Are You a Leader in the Making?

A young professional once told me, “I want to be a leader like you are.” After thanking her for the compliment, I responded, “Why do you want to be a leader? And do you think you have the gift of leadership?” Many people think being a leader is an easy task and it’s not. They only focus on the outside perceived benefits of leaders such as the big titles, having people reporting to them, making the big decisions for the companies they lead, and usually having a high salary.

Being a leader is a serious responsibility. And it is different than being a manager. Great leaders know they are responsible for their employees’ actions and the company’s outcome. They answer to the Board of Directors and to the shareholders of the company. The leaders of individual divisions or departments within large organizations answer to the CEO and are responsible for their contribution to the overall performance of the company. Everything every employee does at a company has an impact and the leaders of those employees are responsible for the positive or negative outcome.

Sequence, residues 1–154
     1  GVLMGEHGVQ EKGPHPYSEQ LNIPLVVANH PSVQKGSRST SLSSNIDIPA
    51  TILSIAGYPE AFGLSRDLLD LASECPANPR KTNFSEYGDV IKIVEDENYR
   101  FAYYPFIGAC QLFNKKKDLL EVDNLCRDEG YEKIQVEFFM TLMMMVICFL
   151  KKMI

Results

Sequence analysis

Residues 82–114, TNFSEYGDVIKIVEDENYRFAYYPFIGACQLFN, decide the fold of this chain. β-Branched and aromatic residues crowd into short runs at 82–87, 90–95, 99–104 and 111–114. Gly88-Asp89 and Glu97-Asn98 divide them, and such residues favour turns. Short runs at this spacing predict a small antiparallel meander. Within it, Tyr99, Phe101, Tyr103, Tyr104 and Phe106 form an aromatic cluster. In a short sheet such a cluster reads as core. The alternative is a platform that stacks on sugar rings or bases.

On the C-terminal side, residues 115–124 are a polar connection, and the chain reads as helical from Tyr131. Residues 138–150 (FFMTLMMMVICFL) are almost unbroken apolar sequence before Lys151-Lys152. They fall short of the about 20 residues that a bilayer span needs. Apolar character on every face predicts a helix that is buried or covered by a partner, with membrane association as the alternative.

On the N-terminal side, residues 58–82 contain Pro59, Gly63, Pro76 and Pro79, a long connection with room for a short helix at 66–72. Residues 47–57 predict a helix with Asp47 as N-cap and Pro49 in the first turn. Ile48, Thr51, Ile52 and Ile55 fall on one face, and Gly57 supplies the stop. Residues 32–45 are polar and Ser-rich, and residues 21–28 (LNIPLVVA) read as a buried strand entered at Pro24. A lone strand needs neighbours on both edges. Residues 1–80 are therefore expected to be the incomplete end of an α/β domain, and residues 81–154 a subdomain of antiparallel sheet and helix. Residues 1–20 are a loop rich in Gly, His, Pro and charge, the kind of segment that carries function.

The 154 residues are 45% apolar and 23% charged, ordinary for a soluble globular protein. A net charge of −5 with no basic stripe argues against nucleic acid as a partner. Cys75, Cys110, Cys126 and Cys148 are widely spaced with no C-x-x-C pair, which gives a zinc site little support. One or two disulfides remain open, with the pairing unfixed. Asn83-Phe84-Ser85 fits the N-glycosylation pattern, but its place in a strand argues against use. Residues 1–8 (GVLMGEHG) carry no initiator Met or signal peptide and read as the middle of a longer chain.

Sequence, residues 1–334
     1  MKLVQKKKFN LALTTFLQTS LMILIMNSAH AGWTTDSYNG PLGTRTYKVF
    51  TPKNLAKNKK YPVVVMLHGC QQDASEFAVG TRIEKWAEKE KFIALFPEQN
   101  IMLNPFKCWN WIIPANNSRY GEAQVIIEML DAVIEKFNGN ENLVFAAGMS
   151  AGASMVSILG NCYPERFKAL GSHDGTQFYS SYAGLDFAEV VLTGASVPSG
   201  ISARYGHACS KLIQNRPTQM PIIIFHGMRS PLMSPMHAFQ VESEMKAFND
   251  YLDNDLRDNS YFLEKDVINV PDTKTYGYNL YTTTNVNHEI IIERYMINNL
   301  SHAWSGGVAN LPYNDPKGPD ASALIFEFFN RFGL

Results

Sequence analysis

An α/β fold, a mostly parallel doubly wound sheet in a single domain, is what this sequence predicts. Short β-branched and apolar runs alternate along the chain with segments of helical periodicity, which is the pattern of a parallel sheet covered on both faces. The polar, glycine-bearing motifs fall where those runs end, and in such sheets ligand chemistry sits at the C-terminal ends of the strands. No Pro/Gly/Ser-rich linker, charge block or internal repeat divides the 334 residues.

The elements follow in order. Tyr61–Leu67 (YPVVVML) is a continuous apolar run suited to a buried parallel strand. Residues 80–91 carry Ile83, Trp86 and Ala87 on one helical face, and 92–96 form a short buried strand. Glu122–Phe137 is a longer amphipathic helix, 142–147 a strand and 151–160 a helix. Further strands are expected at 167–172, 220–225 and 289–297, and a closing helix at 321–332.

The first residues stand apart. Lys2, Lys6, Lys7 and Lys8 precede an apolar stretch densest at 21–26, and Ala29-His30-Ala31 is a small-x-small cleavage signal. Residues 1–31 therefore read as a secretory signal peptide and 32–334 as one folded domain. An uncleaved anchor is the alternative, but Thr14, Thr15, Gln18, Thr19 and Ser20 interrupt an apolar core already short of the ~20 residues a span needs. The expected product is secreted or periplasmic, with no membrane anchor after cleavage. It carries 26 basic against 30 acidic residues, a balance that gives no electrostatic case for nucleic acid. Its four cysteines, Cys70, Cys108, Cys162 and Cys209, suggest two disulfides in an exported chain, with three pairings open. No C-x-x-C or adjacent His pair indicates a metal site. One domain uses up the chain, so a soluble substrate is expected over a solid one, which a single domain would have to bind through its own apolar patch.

Some people are excellent managers, yet terrible leaders because they lack the vision and fire that it takes to lead people. Others are excellent leaders. They have the power to influence others and encourage them to follow their vision—together. Yet these leaders may be poor managers because they lack the dedication it takes to execute the vision of the company down to the details. It is rare to find people who possess both the gift of leadership and the management skills.

Often, however, leaders need to be managers and managers need to lead. So, how can you do both successfully? I believe there are certain skills you can hone and talents you can develop in order to become a great leader and an effective manager.

Professionalism. Regardless of your position in a company, but especially leaders and managers, you must act professionally. Professionalism is reflected in everything you do—from your written emails, how you leave a voice mail, how you treat others (peers, vendors, shareholders, employees, customers, etc.), how you dress, to how you do presentations and conduct meetings. The way you present yourself to others matters at every level in the organization and to the public.